The lines have blurred between borders and continents – and especially with a product like a social network, it is hard to contain it to just a specific region. But, according to Orkut, no matter how rapid your expansion might come to be, it must go hand-in-hand with customisation and nuance. “A startup needs to be constantly mindful of their target audience first. It is important to be local and sense community culture at the respective place. An example of a nuance is the way Tinder might be called a hookup app somewhere, but a dating app somewhere else,” he added.
Swapnil expanded on the importance of keeping in mind one’s target audience. “In the consumer pyramid, we knew we were serving the top one percent. Even when we cracked deals with Amex and Citi - big players that can give us scale - we were targeting only their platinum and gold members, as that's the segment we are targeting all over. Once you get your unit economics right, scale and replicate. For example, Flipkart is solving a problem that has already been solved in the world, therefore they are treading cautiously with expansion outside of India,” he added.
“Lot of entrepreneurship make hypotheses about international market, while sitting in Pune. They then shut down saying that their sales guy wasn't good. Your sales effort can't be shoddy. Indians can't not ‘build’ good products - Indians can't ‘sell’ good products. So, invest in a good sales team. In fact, if you have two co-founders, one of you needs to relocate to the other market you are serving,” Anubhav advocated.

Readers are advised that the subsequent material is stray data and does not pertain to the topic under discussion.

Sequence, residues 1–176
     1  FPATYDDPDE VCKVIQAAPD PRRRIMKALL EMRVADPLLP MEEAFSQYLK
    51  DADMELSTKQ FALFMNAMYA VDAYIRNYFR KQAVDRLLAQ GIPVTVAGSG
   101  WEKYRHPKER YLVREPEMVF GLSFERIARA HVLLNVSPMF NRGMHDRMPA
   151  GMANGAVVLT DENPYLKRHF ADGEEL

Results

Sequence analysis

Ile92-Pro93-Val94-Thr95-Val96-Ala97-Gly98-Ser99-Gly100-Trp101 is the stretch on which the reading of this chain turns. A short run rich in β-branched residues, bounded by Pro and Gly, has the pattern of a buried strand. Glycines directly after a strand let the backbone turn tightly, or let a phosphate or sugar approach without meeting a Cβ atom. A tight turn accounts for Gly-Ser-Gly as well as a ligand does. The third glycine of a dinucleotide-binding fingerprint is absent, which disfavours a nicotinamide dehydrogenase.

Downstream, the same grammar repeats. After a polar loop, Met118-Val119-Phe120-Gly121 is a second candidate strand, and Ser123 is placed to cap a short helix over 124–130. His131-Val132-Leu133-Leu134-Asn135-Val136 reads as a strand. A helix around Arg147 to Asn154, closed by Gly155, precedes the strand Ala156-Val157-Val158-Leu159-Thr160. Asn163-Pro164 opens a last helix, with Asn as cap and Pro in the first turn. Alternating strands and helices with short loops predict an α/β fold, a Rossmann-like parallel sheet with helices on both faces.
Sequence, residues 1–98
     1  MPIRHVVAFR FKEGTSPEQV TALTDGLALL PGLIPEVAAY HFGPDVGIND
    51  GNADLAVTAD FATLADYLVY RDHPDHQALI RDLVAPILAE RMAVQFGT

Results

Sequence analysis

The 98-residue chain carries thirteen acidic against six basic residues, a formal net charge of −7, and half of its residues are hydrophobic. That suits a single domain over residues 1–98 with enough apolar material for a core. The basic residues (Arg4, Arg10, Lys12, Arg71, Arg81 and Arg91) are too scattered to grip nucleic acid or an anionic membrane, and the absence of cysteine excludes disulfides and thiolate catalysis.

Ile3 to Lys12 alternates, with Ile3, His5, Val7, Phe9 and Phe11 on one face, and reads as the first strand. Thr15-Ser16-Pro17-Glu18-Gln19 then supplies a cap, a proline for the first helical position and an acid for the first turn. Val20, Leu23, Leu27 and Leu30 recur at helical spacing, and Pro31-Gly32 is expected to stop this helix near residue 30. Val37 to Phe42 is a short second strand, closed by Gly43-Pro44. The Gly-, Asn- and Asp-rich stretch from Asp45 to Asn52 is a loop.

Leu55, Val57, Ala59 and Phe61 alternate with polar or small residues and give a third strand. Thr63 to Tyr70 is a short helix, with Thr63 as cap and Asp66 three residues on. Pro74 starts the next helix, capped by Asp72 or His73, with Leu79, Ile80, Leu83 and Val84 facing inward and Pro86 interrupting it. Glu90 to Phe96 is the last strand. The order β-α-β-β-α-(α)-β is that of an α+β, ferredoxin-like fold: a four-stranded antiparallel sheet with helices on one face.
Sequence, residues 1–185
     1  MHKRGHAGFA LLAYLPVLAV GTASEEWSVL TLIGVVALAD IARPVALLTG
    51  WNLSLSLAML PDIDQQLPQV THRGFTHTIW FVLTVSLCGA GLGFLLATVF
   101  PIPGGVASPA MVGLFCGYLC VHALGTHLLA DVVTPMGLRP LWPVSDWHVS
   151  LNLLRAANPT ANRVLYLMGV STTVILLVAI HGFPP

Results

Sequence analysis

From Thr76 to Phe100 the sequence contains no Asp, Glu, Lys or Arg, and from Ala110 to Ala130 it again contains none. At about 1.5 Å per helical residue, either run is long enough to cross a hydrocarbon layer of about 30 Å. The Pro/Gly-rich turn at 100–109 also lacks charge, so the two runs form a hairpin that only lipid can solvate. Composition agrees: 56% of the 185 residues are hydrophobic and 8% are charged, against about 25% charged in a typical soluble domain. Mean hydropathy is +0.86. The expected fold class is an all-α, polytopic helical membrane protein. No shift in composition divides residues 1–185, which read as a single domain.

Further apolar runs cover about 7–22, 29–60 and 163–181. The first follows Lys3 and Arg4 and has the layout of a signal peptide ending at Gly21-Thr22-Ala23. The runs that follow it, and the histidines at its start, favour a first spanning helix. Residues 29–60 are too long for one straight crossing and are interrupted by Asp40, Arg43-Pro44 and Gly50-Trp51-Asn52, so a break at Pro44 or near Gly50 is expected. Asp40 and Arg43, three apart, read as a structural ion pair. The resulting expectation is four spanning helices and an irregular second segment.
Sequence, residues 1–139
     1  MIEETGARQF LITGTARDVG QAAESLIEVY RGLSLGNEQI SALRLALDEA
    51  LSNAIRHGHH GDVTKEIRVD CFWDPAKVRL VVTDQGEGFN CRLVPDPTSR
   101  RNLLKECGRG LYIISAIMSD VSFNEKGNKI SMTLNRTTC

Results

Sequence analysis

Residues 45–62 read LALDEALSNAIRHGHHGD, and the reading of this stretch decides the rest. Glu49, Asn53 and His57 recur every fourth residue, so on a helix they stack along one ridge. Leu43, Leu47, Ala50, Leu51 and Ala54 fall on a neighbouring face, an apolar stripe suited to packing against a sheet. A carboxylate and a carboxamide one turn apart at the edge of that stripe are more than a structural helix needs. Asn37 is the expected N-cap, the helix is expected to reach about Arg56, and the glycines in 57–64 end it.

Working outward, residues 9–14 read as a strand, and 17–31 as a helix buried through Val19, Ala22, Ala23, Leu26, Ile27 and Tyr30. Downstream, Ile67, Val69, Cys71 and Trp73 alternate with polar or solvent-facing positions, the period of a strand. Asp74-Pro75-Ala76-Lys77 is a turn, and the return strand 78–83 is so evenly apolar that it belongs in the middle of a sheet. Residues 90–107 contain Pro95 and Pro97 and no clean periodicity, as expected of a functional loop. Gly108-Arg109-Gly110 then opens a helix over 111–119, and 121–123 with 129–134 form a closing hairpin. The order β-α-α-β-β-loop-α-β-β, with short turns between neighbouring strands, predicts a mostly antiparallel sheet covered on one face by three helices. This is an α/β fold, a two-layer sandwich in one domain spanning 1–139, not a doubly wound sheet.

Anubhav also suggested investing in a local partner. “A path you can employ to bolster your expansion is finding a local partner, acquisitioning another company. Management is cumbersome, and consumer behaviour is different everywhere. So, going global through an acquisition is a good strategy,” he said.
It always helps to be willing to adapt. “While people often spare wisdoms like, ‘stick to your passion’, I particularly liked what Swapnil said and did. He pivoted four times to get the perfect product-market fit in two years. So, you don’t need to have a solution, you need to have a mission. Stick to the mission, and the solution will arise out of listening to your consumer. Be agile. The real solution can't be created in your first meeting at a coffee shop,” Anubhav said.
Startup journeys and business liaisons need to be more personal than one would imagine. “You need investors who will have a beer with you in the evening, not just meet you in shiny offices,” Anubhav added.
“There are unseen expenses beyond team, market research and tech; for example, engineering manpower to customise your product for the global market, travel cost etc. However, the biggest is the ‘opportunity cost’, because you might suffer in your own original market in the hopes of making it big somewhere else,” Swapnil said.
According to Navin, the “Figuring Out” cost is the loftiest. “You have to dig and you don't know what direction the gold is. And then give yourself a couple of years, at least, to reap the fruit,” he added.
Swapnil busted the whole work-life balance myth, stating that for the most part, you will be consumed by the thirst to make your business succeed, and it will be extremely hard - if not entirely impossible - to have other priorities at the time. The sooner an entrepreneur accepts that, the more poised they will be to take on this long, hard and oftentimes lonely journey. “Entrepreneurship is a wounded experience, but it will, hopefully, be rewarding to you at the end of it all,” he explains, bringing the session to a close.